So why would we consider it? Because, as they showed, it has the properties that one of the dimensions will contract over time, getting smaller and smaller until it’s below any threshold we care to observe. When that occurs — i.e., when that one particular spatial dimension is small enough — the remaining three spatial dimensions don’t just appear isotropic, but also homogeneous: the same everywhere. In other words, by starting with four spatial dimensions and allowing one to contract, you can get a Universe that looks remarkably like ours out. The paper had the lovely title, “Where has the fifth dimension gone?

The first paper to ever show that an additional dimension could have existed in the early Universe and be imperceptible today was by Chodos and Detweiler in 1980.
(Credit: A. Chodos & S. Detweiler, Phys. Rev. D, 1980)

There is one other possibility for where extra dimensions could be, and it goes back very much to the original scenario we envisioned: us, as three-dimensional beings, with access to beings that were confined to a two-dimensional sheet. Only, this time, we’re the sheet: we’re confined to accessing three spatial dimensions, but that those three dimensions serve as a boundary for a larger, higher-dimensional space.

An example of this would be something like a hypersphere or a hypertorus: a four-dimensional space, but with a three-dimensional boundary. That boundary would represent our Universe that we know and can access, but there would also be at least one additional dimension that we cannot see, feel, or access, but is still very much a part of the Universe.

This idea, sometimes known as the holographic Universe, possesses a number of compelling, interesting features. Some problems in physics that are very difficult to solve in three spatial dimensions, like the Wess-Zumino model, become practically trivial when you add in one extra dimension, which is what string theorist Ed Witten did, and is why the model is known today as the Wess-Zumino-Witten model.

The idea that the forces, particles and interactions that we see today are all manifestations of a single, overarching theory is an attractive one, requiring extra dimensions and lots of new particles and interactions. Many such mathematical constructs exist to explore, but without a physical Universe to compare it to, we’re unlikely to learn anything meaningful about our Universe.
(Credit: Rogilbert/Wikimedia Commons)

Moreover, the holographic principle has a strong piece of mathematical evidence for it: if you take a five-dimensional anti-de Sitter spacetime, it turns out to be completely equivalent to a four-dimensional conformal field theory. In physics, this is known as the AdS/CFT correspondence, and it related certain string theories in higher dimensions to certain quantum field theories that we’re familiar with in our three-space and one-time dimensions. The conjecture was first proposed in 1997 by Juan Maldacena, and since that time it has become the most-cited paper in high-energy physics history, with over 20,000 citations.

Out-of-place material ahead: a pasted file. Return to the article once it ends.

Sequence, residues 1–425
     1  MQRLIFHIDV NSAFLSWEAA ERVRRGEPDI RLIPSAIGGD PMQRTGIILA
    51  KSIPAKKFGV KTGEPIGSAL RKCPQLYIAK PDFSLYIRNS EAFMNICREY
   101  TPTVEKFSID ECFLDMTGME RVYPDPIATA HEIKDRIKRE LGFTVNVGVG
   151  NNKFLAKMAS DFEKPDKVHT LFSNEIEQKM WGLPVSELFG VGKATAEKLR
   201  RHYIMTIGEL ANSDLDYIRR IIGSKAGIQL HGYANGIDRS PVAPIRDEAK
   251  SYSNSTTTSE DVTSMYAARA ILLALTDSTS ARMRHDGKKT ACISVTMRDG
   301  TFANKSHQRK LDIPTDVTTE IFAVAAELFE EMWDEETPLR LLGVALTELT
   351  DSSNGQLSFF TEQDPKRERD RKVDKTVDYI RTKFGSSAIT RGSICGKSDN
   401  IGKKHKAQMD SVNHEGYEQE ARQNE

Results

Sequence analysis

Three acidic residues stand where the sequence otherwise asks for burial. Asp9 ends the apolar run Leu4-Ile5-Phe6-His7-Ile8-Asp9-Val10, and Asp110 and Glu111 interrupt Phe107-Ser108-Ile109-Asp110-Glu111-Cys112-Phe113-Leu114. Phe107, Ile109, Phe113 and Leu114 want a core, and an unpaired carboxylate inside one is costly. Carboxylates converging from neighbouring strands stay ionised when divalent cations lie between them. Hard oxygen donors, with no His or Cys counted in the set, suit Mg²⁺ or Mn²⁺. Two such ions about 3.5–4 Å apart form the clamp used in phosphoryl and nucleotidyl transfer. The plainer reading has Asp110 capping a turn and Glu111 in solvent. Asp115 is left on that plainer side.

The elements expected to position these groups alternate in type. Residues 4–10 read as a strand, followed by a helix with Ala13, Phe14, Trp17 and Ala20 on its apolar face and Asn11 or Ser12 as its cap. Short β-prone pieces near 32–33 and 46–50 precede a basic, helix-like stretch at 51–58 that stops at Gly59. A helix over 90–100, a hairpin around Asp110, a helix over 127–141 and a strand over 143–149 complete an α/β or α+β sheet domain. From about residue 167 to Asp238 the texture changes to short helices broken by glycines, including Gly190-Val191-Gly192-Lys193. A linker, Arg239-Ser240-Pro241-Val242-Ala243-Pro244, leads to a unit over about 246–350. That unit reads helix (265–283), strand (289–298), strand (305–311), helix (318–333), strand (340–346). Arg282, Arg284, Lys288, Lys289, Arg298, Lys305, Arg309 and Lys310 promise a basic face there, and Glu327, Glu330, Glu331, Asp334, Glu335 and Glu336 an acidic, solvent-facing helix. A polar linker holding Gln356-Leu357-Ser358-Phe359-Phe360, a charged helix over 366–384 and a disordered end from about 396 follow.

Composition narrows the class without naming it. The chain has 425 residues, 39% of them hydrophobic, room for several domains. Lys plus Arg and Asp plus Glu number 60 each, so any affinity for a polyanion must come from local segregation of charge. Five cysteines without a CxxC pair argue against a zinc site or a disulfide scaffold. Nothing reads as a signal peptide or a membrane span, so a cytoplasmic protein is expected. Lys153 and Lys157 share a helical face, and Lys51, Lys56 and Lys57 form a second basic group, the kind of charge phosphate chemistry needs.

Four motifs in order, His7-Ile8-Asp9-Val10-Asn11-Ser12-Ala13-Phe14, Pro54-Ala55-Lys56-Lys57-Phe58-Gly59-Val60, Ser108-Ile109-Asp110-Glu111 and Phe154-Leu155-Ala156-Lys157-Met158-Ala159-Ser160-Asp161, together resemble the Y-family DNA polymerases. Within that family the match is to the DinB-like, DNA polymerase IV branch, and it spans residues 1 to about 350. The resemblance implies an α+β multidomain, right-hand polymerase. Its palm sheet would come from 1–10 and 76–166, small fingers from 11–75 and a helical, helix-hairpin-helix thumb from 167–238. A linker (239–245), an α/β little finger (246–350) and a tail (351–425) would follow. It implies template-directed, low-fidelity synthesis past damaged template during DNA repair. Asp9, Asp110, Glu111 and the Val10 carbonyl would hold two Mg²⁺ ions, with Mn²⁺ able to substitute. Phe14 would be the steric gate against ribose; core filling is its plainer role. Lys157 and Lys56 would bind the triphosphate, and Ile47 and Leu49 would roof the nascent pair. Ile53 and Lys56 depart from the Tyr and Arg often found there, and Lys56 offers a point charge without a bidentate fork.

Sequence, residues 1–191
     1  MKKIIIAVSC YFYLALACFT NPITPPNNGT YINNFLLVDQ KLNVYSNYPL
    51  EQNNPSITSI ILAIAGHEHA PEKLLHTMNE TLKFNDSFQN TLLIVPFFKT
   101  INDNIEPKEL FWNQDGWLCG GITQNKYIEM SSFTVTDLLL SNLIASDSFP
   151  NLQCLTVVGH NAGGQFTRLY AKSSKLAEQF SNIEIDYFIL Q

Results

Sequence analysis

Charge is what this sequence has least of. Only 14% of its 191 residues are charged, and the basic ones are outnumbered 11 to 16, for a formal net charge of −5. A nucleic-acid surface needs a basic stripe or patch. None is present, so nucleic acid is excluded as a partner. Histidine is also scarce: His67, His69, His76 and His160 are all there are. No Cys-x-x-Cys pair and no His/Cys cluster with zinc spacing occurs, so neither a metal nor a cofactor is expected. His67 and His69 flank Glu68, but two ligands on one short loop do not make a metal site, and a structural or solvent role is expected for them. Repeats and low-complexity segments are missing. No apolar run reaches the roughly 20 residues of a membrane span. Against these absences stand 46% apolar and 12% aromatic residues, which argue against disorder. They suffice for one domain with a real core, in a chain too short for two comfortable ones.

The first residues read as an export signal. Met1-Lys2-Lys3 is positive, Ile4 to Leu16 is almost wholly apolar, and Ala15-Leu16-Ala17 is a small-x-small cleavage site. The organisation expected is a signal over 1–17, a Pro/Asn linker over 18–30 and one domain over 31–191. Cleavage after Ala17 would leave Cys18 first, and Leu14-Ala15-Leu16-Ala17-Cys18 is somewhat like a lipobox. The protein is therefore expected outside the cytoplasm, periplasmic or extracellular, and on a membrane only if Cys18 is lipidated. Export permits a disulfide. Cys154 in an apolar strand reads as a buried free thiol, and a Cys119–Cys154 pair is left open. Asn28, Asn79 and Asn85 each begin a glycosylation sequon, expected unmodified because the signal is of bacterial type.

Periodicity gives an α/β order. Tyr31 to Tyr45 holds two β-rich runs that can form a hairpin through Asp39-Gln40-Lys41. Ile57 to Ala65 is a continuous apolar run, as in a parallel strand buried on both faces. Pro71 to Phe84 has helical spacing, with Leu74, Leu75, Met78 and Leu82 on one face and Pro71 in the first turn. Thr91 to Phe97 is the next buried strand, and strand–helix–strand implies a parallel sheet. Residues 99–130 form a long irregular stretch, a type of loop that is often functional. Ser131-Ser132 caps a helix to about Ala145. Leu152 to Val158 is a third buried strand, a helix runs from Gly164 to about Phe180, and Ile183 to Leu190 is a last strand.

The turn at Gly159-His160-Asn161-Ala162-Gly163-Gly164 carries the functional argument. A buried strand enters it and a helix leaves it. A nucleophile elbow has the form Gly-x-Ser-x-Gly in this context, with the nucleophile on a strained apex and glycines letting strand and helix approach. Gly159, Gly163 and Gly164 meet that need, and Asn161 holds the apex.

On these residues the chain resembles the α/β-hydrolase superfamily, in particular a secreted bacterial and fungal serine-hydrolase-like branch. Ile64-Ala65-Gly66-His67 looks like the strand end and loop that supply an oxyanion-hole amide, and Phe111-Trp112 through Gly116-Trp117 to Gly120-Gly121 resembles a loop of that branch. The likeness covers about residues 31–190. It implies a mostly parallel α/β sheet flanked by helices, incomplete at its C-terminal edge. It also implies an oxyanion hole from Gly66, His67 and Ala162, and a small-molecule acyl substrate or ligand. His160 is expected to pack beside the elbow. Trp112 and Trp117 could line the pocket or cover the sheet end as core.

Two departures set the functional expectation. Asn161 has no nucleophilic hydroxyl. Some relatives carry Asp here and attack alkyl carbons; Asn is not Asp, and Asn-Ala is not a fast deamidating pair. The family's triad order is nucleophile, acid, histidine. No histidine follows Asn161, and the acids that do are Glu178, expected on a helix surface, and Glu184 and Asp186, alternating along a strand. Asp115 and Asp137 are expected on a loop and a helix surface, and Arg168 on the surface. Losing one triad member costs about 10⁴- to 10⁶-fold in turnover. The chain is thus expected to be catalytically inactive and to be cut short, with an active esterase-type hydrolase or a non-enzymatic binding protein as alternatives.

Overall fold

But despite the power and promise of this theoretical framework, both on small scales and to potentially help us solve very difficult problems that plague physics in our limited three spatial dimensions, we have no direct evidence that points to the existence of these extra dimensions at all. If they were to exist, they would open up a whole new Universe of physical possibilities, and it would certainly pave the way for a new holy grail of physics: to harness and access these additional dimensions. But without evidence, their existence is purely speculative at this point.

This photograph of a hologram at the MIT museum looks like a three-dimensional object, but is only a two-dimensional light field encoded onto the surface of a hologram. Holograms are lower-dimensional surfaces that encode information about the entire higher-dimensional object within the higher-dimensional space. The idea of the holographic principle is that our Universe and the quantum field theoretical laws that describe it is the surface of a higher-dimensional spacetime that includes quantum gravity.
Credit: Andrew Kuchling/flickr; MIT Museum

So, how many dimensions are there in our Universe? From the direct evidence we have, there are three spatial dimensions and one time dimension, and no more are required to solve any problems or explain any phenomenon we’ve ever observed. But the possibility that extra dimensions exist remains tantalizing, because if they did exist, they could explain a great number of mysteries that exist today.

Is there a framework where gravity and the other fundamental forces unify? Perhaps, and at least one of the ones that could work involves extra dimensions. There are many problems that are very difficult to solve in three space and one time dimension, but that simplify greatly with one or more extra ones. There are a number of ways to obtain a Universe very much like our own if you start with one or more extra dimensions and a set of very beautiful and elegant pictures that could describe our Universe.

But unless and until we obtain direct evidence that points toward these claims, we have no choice but to consider them as highly speculative. In physics, as in all sciences, it’s evidence, not popularity, that determines what is true about our Universe. Until that evidence arrives, we can remain open to extra spatial dimensions as a possibility, but the only responsible position is to remain skeptical.